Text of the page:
The Pegasus project, which showed the Indian phone numbers of important personalities being under surveillance, has revealed Congress leader Rahul Gandhi’s number being present in the list. The investigation revealed by The Wire mentioned that two mobile phones of Rahul Gandhi were subject to the spyware attack. Along with Rahul Gandhi, Bharatiya Janata Party leader Prahlad Singh Patel and Ashwini Vaishnaw were also present in the list.
However, among the phones examined, Rahul Gandhi’s phones were not checked because he no longer has the handsets. His mobiles were a target in mid-2018 to mid-2019 during the period of general elections. Due to the absence of examination, it is not viable to check if his mobile phones were a subject of the infection.
Poll strategist Prashant Kishor and former election commission employee Ashok Lavasa’s numbers were also present in the list for the potential hack. The second report released by The Wire and other media organizations involved in an international consortium showed that West Bengal Chief Minister’s nephew Abhishek Banerjee was a target of a potential hack.
The number of former Supreme Court staff who had accused Chief Justice Ranjan Gogoi of sexual harassment in 2019 was also present in the list, alongside the other eleven phone numbers of her relatives and close aides as a potential target for surveillance.
Speaking to NDTV, Prashant Kishor stated that he had suspected potential snoop and had changed his headset multiple times, but the hack from 2017 to 2021 has sent him a shock despite him changing the headset five times. His phone was as recently snooped as July 14. Kishor played a huge role in the 2014 BJP election and has been working with the opposition parties since, and collaborated with Mamata Banerjee for the recent West Bengal elections.
The government denied the allegation of any association with the NSO Group, the parent of Pegasus, stating there is no concrete evidence to prove the claim.
Ahead of the Monsoon session of the Parliament, where the matter will be a topic of discussion, the government stated that such reports are attempting to malign the Indian Democracy. IT Minister Ashwini Vaishnaw said in the Lok Sabha that illegal surveillance by an unauthorized person is prohibited in India.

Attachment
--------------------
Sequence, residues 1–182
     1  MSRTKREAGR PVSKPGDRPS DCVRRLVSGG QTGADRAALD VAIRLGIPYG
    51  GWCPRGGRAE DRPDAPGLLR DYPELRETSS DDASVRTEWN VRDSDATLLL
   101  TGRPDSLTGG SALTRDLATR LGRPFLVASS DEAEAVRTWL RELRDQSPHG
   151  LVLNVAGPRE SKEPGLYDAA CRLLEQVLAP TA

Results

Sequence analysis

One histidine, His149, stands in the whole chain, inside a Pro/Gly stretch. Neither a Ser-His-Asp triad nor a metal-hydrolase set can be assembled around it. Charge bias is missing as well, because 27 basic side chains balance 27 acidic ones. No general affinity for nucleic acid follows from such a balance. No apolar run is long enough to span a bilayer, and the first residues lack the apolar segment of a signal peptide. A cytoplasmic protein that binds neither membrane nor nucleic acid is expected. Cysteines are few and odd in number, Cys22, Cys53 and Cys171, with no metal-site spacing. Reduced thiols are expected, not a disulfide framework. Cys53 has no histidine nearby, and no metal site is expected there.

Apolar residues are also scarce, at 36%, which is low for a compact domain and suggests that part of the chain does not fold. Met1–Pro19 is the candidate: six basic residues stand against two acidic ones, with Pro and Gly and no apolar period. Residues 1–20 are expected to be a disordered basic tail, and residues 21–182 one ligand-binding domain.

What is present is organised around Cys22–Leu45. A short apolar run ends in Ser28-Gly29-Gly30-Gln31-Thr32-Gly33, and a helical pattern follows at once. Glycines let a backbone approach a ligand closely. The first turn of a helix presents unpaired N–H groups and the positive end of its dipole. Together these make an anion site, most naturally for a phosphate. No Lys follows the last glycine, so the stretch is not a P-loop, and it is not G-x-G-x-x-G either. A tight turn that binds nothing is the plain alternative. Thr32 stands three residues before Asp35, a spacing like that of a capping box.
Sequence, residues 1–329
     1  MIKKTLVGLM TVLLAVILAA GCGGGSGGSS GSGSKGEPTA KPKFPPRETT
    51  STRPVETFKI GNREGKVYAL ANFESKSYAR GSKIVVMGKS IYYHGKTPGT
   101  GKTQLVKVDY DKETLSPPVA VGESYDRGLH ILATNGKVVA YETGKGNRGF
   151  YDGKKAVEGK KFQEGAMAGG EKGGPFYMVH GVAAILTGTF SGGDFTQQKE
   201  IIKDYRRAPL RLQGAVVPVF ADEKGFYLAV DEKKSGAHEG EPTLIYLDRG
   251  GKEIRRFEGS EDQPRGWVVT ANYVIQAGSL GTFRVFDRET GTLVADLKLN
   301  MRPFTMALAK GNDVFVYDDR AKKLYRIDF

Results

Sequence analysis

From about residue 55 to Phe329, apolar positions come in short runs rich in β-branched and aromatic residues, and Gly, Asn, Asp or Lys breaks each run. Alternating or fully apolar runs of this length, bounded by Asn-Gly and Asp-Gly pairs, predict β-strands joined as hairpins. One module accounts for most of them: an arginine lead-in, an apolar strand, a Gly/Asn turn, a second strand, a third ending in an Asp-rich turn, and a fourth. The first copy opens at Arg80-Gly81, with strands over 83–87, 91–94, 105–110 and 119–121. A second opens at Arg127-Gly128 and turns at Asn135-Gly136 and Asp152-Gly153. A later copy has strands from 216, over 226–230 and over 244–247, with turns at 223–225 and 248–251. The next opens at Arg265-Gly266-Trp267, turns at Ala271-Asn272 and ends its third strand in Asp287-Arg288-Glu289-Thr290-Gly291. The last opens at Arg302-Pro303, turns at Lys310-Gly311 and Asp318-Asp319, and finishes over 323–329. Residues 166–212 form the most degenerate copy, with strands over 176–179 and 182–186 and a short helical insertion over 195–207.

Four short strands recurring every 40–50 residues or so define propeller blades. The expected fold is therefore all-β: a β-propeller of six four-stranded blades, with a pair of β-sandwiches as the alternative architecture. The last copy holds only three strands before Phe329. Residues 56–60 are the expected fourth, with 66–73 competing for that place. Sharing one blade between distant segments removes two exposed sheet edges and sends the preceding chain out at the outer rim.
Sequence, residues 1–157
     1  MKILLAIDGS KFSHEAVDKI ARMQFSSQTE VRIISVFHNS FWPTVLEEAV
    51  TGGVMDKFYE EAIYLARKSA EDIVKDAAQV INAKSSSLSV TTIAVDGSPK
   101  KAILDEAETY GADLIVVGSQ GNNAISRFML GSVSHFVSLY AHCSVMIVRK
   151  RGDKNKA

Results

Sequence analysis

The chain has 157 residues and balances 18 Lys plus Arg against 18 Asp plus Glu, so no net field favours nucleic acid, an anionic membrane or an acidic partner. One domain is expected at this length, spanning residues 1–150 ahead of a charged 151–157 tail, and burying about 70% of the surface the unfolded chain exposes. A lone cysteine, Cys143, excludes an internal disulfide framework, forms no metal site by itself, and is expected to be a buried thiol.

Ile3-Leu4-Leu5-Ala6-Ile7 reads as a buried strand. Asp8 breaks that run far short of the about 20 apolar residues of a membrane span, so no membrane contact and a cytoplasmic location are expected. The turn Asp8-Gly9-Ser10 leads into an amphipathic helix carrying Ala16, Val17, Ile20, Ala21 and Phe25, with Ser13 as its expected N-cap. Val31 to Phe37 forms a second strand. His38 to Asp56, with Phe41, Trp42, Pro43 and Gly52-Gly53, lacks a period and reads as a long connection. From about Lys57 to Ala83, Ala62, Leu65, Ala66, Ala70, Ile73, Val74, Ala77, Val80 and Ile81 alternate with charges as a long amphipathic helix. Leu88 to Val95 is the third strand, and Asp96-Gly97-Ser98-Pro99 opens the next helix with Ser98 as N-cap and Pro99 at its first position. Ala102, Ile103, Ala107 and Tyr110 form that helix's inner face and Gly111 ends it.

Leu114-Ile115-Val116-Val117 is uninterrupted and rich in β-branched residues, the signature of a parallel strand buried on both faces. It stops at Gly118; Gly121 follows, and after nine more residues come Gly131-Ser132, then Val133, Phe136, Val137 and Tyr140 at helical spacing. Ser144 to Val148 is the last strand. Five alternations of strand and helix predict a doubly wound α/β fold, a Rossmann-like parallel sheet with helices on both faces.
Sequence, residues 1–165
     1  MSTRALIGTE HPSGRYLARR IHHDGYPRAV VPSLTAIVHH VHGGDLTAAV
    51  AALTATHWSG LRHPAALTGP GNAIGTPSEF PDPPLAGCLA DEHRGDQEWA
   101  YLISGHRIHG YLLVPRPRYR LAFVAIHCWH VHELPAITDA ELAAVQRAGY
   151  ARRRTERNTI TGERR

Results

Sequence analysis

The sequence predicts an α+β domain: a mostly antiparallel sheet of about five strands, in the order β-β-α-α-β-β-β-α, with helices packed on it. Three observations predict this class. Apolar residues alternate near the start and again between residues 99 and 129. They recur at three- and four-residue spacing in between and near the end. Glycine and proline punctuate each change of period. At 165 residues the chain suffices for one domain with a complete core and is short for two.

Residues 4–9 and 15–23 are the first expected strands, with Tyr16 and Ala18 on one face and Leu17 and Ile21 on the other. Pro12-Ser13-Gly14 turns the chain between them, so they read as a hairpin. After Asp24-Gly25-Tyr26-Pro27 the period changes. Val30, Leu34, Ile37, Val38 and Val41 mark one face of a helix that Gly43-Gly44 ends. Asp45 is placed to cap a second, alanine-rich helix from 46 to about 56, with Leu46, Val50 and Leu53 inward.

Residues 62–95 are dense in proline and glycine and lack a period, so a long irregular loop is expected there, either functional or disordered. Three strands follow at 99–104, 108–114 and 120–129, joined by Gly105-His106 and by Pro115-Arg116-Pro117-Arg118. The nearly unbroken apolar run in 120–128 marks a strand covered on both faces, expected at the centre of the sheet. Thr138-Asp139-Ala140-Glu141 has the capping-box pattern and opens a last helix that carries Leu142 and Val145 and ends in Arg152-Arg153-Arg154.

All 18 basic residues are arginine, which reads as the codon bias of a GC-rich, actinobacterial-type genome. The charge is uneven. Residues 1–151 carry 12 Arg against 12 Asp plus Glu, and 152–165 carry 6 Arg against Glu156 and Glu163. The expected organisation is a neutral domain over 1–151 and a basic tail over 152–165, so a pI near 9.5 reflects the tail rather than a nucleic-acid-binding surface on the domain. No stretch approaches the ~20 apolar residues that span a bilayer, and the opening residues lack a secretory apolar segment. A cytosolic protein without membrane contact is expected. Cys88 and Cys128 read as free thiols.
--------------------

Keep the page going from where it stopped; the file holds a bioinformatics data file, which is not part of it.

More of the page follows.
Vaishnaw was among the 300 Indian phone numbers mentioned in the list. In 2017, he was a potential target for surveillance, at that time, he was not a member of the Bharatiya Janata Party (BJP). The comments made by Vaishnaw caused fury in the parliament, leading to the opposition party, Congress demanding a probe into the role of the Prime Minister and dismissing Amit Shah from his position of Union Home Minister.
The ruling Bharatiya Janata Party reiterated that there is no proper evidence to associate the spyware hack to the Modi government. The IT minister, in his statement, said that a sensational story was published before the monsoon session of the Parliament proceedings. Referencing the 2019 Pegasus incident of Whatsapp, he said the reports lack factuality and the press reports released on 18 July are an attempt to malign the democracy of the country.
Jagdeep Chokhar, the founder of the Association for Democratic Reforms (ADR), and virologist Gagandeep Kang are also mentioned in the list. The officer on special duty (OSD) who worked for Smriti Irani from 2014 to 2015 is on the list. Vasundhara Raje Scindia’s personal secretary was mentioned in the list. Pravin Togadia, Vishwa Hindu Parishad’s leader, is also mentioned in the list.
It is reported that many members present in the list were involved in the elections, including Ashok Lavasa, a member of the Election Commission who ruled that Prime Minister Narendra Modi violated the code of conduct during the campaign for the 2019 general election. Hari Menon, the country head of the Bill and Melinda Gates Foundation, was selected for surveillance at least once in 2019.
The report released by The Wire and International media houses including The Guardian, Le Monde, and The Washington Post is a collaborative effort between Amnesty International and Paris-based organization Forbidden Stories researching the matter with a leaked list of over fifty thousand phone numbers.
The phone numbers were a potential target of an Israeli software called Pegasus, owned by the NSO group. The software allows the operator to tap into the phones of other individuals and have access to their camera, microphone, and other documents.
Ursula von der Leyen, the European Commission Chief, commented on the situation on July 19, stating the spyware surveillance surrounding the spyware of around 50,000 phones is unacceptable. In Prague, Von der Leyen was presenting a post-Covid-19 recovery plan for the Czech Republic worth 7 billion euros approved by the European Union, criticizing the attack on journalistic principles, stating that free press is the core value of the EU.